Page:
Allen House at Alamance Battleground, North Carolina
Allen House at Alamance Battleground
Built during the American Revolution, the historic
Allen House was the windowless log cabin of a
Quaker family in North Carolina.
Allen House at Alamance
Built in ca. 1780, the Allen
House offers a chance to step
back in time to the days of the
American Revolution.
Allen House Interior
The inside of the cabin has
been furnished to recreate life
in the Piedmont region during
the 18th century.
Quaker Furniture
Original pieces of Quaker
furniture can be seen inside
the Allen House.
Allen House - Alamance Battleground, North Carolina
An 18th Century Quaker Cabin
Rope Bed in the Allen House
Among the furnishings of the
cabin is an original rope bed,
which used stretched rope
instead of bed springs.
Copyright 2011 & 2014 by Dale Cox
All rights reserved.

Last Updated: April 24, 2014
Located at Alamance Battleground, the Allen
House is a historic Quaker log cabin dating
from the American Revolution.

Beautifully restored and furnished with
antique Quaker pieces, the cabin recreates
life in the North Carolina Piedmont during the
late 18th century. Built of hewn timbers and
hand-cut limber, the house provided a
comfortable home for its builders.

The Allen House was built in circa 1780 by
John Allen. It holds a unique collection to the
Battle of Alamance because John was the
brother-in-law of Herman Husband, the writer
and pamphleteer who helped inspire the
Regulator movement in North Carolina's
Piedmont Region.

Husband provided voice for the outrage felt
by farmers and small land owners across
the region as they saw their taxes soar and
realized that the officials elected and
appointed to represent them were not willing
to hear their complaints or calls for help. This
outrage exploded into a violent outbreak
called the War of the Regulation.

The "war" ended at the Battle of Alamance,
as Royal Governor William Tryon's militia
handed a bloody defeat to the Regulator
forces. Some believe it was the first battle of
the American Revolution, while others
consider it a significant preliminary event to
the fight for American independence.

Built roughly nine years after the Battle of
Alamance, as the American Revolution raged
across the landscape of the Carolinas, the
windowless log cabin was home to John
Allen and his wife Rachel. The couple raised
ten of their twelve children in the one-room

Consisting of one large room with a fireplace
for both cooking and heat, the cabin had front
and back porches and a loft area. A shed
room was eventually enclosed on the back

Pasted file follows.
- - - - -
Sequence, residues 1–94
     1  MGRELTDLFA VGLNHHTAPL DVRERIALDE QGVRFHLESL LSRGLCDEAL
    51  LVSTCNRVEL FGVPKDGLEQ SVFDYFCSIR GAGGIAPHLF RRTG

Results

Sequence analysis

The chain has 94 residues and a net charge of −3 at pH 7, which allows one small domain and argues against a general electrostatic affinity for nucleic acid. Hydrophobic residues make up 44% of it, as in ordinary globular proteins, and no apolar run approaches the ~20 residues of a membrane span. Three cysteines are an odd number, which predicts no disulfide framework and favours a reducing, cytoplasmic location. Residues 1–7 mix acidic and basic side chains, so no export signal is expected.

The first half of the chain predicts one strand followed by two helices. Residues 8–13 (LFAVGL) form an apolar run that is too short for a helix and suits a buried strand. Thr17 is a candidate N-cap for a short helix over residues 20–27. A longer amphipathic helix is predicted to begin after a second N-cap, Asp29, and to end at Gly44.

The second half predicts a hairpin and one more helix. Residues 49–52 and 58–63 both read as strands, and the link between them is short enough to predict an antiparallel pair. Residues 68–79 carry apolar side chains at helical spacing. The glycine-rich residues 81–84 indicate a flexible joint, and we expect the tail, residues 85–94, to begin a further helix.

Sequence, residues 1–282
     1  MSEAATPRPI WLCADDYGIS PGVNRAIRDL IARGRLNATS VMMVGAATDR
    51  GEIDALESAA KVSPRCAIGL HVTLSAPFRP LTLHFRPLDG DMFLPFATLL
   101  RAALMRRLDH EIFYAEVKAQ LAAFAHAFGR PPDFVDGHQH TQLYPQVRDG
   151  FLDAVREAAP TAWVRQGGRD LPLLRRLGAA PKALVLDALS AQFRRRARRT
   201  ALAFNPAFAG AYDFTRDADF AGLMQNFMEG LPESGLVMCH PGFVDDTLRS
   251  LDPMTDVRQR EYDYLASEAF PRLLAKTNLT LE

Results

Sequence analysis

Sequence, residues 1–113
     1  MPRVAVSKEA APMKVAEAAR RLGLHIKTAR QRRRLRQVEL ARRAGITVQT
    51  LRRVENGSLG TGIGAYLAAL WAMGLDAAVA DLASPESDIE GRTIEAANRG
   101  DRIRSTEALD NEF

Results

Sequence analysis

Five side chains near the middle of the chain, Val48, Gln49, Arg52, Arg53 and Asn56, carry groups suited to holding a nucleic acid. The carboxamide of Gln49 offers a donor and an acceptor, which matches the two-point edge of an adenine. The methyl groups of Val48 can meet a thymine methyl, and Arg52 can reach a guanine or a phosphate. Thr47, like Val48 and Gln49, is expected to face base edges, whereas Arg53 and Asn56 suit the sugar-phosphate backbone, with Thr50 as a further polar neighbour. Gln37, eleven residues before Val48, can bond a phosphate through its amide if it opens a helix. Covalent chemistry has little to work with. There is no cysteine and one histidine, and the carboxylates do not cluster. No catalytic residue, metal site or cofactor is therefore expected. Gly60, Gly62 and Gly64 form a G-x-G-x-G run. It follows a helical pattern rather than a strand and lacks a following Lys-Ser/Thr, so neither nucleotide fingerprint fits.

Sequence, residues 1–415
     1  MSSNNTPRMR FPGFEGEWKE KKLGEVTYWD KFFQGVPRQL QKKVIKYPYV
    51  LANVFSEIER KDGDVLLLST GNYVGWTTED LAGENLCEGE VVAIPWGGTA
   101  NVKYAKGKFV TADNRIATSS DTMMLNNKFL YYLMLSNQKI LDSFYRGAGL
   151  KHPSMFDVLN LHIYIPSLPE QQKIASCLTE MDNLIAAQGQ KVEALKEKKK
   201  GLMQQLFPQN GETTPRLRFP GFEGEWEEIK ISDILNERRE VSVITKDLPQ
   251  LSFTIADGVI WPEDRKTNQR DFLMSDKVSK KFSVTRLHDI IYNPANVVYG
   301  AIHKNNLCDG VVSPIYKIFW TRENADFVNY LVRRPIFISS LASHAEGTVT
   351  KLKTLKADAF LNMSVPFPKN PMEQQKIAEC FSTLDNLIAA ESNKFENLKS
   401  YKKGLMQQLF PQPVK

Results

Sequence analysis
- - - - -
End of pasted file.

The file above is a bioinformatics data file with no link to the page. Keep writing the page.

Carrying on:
porch to provide a little more space for the
growing family. The house originally stood
near the Snow Camp community, but was
moved to the battlefield in 1967.

A literate farmer and teacher, Allen helped
his neighbors with their legal matters.
Rachel, in turn, was something of a country
doctor for her neighbors. She also took care
of the children, cooked and tended the

The Allens were Quakers, the name applied
to members or followers of the Religious
Society of Friends. This movement grew in
England during the mid-1600s and focused
on personal experience with Christ. Quakers
placed heavily emphasis on personal
testimony and gave near equal status to
women, an innovative practice in the 1700s.
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The Allen family participated in meetings of
the Friends at Cane Creek, as did many early
settlers of the area.

Hard-working and determined, John and
Rachel Allen built a comfortable life for
themselves despite the turbulence of the
years during and immediately following the
American Revolution. They were eventually
able to bequeath land and money to each of
their sons. The daughters, it was expected,
would be supported by their own husbands
so they received less, but were also
remembered in the passing of their parents.

Uniquely, the Allen House still contains
furniture and artifacts associated with its
builders. Visitors can see a grandfather clock
and a Chippendale-style desk once owned
by John Allen.

The cabin was donated to the state historic
site at Alamance Battleground in 1967 and
was moved by truck, largely in one piece, to
its present location overlooking the seen of
the action. It is open for tours Monday through

Alamance Battleground is located at 5803
N.C. 62 S. near Burlington, North Carolina.
Please click here to visit our main Alamance
Battleground page for more information.
Historic Sites in North Carolina